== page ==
A board of education requested an opinion regarding the treatment of employee personnel files. It is the responsibility of the superintendent to maintain the personnel files, but the responsibility of the board to establish policies regarding how those files are established and maintained. The opinion referred to Ala. Code §16-22-14 which requires that a file be maintained and be accessible to the employee and the public, but does not specify precisely which documents must be maintained. However, in light of Ala. Code §16-22-14, the opinion provided the following non-exhaustive list stating, “a personnel file could include information pertaining to an employee’s current assignment, work history, payroll status, job qualifications, certification, licenses, employment contract(s) evaluation data, and disciplinary information...[as well as] documents reflecting professional achievement, recognition or letters of commendation.” As to what documents should not be maintained in personnel files, the opinion noted that the only bar provided by statute related to uninvestigated, anonymous materials. However, the opinion noted that it may be advisable to segregate other materials, e.g., documents related to litigation.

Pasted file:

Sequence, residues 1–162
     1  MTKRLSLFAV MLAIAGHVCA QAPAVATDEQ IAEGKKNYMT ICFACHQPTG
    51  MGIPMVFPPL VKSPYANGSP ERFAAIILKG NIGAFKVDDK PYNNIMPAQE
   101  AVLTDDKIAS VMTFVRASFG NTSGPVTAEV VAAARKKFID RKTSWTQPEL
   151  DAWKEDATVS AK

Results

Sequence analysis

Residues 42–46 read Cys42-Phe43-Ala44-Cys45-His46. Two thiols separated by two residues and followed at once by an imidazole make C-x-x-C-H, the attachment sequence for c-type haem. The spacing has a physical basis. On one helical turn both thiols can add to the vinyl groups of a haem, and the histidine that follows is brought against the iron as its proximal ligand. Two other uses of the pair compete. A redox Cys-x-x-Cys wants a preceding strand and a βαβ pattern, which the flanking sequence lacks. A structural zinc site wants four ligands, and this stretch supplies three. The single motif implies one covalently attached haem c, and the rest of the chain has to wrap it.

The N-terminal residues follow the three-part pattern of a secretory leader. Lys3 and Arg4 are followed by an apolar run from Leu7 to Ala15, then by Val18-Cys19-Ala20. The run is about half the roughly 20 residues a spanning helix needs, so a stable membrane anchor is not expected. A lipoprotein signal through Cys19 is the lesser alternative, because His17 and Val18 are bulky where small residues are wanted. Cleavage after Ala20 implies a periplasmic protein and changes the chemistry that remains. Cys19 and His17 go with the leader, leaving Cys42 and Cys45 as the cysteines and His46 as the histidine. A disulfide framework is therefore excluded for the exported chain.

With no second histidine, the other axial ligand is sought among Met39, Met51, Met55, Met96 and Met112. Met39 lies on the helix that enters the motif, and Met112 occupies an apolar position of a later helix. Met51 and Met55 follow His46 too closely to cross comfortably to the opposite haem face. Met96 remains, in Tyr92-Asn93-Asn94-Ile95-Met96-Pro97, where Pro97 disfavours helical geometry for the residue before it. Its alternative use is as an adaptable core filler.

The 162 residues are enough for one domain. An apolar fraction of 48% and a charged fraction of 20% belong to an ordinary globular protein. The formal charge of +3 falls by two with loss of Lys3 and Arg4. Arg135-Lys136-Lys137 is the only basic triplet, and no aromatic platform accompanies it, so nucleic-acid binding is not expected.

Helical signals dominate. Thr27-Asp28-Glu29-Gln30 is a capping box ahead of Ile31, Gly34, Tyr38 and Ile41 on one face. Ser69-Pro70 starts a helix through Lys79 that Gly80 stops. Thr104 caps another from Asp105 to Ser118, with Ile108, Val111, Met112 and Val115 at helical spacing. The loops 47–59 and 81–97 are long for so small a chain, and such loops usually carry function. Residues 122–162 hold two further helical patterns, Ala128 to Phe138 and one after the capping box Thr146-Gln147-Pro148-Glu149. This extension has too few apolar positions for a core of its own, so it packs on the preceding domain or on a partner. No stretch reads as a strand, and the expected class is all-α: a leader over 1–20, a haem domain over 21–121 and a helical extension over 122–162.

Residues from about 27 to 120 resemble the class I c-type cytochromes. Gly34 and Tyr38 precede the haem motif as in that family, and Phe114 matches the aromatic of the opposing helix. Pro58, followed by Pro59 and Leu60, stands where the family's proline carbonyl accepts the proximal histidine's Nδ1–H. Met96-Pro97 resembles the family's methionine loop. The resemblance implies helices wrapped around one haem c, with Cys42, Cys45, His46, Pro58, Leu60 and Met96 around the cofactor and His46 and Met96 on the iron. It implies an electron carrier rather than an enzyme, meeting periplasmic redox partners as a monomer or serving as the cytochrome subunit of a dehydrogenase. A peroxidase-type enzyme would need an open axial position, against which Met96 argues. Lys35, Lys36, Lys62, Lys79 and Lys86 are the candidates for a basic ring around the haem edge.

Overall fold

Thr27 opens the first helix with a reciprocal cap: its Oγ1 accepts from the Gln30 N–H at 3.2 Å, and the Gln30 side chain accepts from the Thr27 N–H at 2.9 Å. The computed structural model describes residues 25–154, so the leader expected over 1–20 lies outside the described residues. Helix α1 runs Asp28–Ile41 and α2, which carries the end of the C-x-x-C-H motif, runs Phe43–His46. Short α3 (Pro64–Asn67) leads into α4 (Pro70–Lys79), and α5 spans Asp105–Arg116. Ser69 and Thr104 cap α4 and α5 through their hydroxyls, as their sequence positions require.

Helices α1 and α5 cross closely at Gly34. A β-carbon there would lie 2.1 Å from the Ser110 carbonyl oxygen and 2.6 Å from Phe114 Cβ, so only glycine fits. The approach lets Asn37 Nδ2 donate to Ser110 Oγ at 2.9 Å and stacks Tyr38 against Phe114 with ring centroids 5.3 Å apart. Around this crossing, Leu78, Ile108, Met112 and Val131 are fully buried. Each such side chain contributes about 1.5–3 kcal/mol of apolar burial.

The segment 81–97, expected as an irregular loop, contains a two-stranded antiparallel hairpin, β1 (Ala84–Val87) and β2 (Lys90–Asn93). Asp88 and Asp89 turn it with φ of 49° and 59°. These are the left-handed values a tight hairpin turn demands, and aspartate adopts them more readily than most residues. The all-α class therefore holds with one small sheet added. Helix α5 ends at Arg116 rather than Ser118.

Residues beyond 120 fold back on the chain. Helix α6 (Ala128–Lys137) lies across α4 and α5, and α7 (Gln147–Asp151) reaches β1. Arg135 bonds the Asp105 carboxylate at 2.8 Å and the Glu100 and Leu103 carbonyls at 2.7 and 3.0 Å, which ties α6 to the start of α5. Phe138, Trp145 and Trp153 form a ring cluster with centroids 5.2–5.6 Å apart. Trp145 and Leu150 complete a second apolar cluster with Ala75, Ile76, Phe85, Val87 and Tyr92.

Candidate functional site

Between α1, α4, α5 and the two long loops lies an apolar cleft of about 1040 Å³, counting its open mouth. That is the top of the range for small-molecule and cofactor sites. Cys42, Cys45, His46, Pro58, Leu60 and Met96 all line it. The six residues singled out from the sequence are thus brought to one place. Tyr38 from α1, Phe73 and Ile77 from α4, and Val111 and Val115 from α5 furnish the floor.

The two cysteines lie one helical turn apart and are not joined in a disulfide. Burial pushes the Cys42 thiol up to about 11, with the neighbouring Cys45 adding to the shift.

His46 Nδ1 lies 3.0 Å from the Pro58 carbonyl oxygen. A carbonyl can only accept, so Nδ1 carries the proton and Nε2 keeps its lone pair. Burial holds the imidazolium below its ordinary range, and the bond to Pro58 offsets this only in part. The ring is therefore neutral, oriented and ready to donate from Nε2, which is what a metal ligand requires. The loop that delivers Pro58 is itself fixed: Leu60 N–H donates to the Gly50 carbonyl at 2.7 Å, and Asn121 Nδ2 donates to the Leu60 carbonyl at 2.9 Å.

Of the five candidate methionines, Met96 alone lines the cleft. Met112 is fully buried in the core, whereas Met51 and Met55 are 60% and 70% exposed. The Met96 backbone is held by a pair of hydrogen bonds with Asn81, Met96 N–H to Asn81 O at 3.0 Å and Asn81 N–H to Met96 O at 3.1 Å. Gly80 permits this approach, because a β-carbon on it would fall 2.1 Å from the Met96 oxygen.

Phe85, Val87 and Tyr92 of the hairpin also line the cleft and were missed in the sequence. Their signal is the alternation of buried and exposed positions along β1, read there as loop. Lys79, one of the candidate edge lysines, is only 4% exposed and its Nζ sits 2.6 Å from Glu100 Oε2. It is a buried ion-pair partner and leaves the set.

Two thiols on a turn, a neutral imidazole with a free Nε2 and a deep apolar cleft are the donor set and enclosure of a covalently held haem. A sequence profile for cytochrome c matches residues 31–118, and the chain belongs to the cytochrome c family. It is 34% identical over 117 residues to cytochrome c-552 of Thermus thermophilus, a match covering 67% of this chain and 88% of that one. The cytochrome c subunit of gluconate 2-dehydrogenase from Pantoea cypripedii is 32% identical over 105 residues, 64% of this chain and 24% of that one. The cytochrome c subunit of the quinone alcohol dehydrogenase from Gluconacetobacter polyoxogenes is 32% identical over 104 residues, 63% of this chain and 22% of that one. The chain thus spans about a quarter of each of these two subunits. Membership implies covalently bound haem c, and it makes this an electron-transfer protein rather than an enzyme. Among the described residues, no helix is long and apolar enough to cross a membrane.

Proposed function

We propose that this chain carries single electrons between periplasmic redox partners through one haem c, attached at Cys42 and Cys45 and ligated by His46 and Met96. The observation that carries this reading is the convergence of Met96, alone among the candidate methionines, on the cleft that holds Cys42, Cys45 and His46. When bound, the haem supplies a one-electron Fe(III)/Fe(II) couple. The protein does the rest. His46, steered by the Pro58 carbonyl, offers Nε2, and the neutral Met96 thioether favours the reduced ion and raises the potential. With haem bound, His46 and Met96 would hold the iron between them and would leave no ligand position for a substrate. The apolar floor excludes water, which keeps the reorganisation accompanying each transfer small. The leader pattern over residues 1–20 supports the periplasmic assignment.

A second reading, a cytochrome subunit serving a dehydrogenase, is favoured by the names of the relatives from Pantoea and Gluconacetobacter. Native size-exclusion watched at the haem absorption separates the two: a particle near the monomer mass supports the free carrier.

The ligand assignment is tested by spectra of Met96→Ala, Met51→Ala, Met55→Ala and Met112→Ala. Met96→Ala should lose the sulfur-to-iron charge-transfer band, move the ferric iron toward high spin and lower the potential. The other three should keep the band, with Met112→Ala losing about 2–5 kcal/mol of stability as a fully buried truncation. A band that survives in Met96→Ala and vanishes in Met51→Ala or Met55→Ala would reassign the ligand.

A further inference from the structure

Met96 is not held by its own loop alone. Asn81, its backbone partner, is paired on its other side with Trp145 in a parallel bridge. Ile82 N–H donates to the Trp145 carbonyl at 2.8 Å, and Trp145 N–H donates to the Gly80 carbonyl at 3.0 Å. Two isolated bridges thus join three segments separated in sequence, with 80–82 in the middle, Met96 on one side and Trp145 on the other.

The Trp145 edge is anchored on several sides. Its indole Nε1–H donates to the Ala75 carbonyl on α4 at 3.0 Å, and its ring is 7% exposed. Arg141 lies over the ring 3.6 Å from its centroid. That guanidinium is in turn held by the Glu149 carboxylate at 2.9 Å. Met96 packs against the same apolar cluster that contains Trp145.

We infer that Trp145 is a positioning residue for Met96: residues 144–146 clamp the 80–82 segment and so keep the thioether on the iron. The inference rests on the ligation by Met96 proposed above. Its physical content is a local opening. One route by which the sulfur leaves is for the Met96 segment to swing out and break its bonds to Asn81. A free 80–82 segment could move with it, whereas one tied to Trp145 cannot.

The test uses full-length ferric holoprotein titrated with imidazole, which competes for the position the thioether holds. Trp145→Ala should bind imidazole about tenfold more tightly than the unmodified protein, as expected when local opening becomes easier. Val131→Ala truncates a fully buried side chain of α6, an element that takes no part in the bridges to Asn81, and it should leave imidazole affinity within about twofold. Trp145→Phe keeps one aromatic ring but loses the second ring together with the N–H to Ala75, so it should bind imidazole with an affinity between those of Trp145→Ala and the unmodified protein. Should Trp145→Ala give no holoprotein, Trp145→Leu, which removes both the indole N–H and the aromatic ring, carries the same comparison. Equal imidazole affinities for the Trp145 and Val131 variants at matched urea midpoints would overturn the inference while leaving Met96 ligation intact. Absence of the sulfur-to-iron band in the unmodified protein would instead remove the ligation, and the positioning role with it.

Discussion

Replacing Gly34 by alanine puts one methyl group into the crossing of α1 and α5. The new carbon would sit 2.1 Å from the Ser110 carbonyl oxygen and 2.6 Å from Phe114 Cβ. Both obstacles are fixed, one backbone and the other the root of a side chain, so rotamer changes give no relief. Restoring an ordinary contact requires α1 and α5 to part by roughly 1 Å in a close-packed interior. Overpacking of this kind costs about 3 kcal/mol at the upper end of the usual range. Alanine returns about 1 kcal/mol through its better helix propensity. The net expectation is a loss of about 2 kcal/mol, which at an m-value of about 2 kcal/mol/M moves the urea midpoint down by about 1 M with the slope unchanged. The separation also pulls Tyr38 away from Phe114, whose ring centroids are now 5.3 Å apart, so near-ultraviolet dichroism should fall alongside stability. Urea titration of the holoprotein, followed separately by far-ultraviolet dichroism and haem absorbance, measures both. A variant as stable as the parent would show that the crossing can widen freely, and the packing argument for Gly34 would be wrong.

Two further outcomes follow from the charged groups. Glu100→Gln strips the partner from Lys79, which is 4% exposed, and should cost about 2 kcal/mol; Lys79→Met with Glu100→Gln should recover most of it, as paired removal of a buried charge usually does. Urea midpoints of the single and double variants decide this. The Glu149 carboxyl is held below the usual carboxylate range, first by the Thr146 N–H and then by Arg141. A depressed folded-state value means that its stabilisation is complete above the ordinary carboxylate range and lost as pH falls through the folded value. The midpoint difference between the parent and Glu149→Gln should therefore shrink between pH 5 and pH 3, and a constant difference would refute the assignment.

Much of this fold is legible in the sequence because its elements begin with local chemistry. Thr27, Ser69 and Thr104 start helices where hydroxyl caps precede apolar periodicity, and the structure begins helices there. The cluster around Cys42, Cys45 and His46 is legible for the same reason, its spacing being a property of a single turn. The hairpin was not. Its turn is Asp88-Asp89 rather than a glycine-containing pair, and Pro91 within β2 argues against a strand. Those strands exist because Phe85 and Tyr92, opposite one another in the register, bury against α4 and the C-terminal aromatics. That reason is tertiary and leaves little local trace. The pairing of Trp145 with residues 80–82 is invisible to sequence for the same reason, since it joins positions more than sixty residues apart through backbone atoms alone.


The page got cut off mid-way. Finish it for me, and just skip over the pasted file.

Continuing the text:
A.G. Op. 2012-005

A board of education requested an opinion regarding whether the position of chief school financial officer was eligible for tenure or nonprobationary status, and if not, whether the CSFO could gain such protected status for other duties he performed as technology supervisor.

CSFOs were specifically excluded from the protections offered by the Students First Act of 2011. Therefore, the opinion addressed whether CSFOs could have gained tenure or nonprobationary status prior to the effective date of the Students First Act.